Of everything this Oscar season, the biggest question mark has been "The Iron Lady." While most of the films in play made festival bows months ago, or have started screening for long-lead press by now, Phyllida Lloyd's biopic of legendary British Prime Minister Margaret Thatcher, starring the equally legendary Meryl Streep, has been kept tightly under wraps, with only a brief teaser trailer showing how the film might turn out.
With the film now set for a December 30th release, it was only going to be a little longer before we saw anything, and this morning has brought the debut of the full trailer for the film. And if there was any doubt as to where the film's political bread might be buttered, it's over on the website for right wing UK tabloid The Daily Mail. So how's it looking? Have the Weinsteins been keeping a stinker under wraps, or have they been hiding a surprise trump card away?
Hmm. On the one hand, the film looks fairly compelling, and well-shot, with some neatly composed images, tempering one of our biggest fears, that the "Mamma Mia" director wasn't the right choice to helm the project (although obviously the proof will be in the pudding). On the other, the clip is something of an apologia for Thatcher; we hope there's more nuance in the film as a whole (and with "The Hour" and "Shame" scribe Abi Morgan writing the script, there's reason to think that'll be the case).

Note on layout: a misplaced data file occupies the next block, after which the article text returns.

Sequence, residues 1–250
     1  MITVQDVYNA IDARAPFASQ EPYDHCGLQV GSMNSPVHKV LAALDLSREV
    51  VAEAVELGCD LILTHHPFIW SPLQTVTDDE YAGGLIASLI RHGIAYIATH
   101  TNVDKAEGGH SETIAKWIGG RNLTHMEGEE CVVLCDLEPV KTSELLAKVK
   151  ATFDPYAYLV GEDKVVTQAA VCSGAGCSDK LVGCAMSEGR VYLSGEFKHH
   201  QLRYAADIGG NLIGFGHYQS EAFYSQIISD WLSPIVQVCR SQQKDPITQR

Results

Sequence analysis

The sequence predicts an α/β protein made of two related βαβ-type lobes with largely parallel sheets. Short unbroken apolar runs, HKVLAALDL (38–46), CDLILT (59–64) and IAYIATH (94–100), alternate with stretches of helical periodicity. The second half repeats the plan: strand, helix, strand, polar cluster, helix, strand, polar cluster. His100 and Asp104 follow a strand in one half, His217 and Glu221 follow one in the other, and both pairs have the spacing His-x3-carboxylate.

More surprisingly (and at risk of offending the Streep brigade again) we're still to be won over by the glimpses of that central turn, principally thanks to the "Lemony Snicket"-style prosthetics, which are distracting more than anything else -- we're more convinced by the snippets of young Alexandra Roach as the younger Thatcher than we are by Streep, who doesn't disappear into the part in the way she normally does. Again, hopefully in context, it'll work better, and she's still a mortal lock for an Oscar nomination regardless. We'll find out how the film turns out when The Weinstein Company puts it into limited release on December 30th.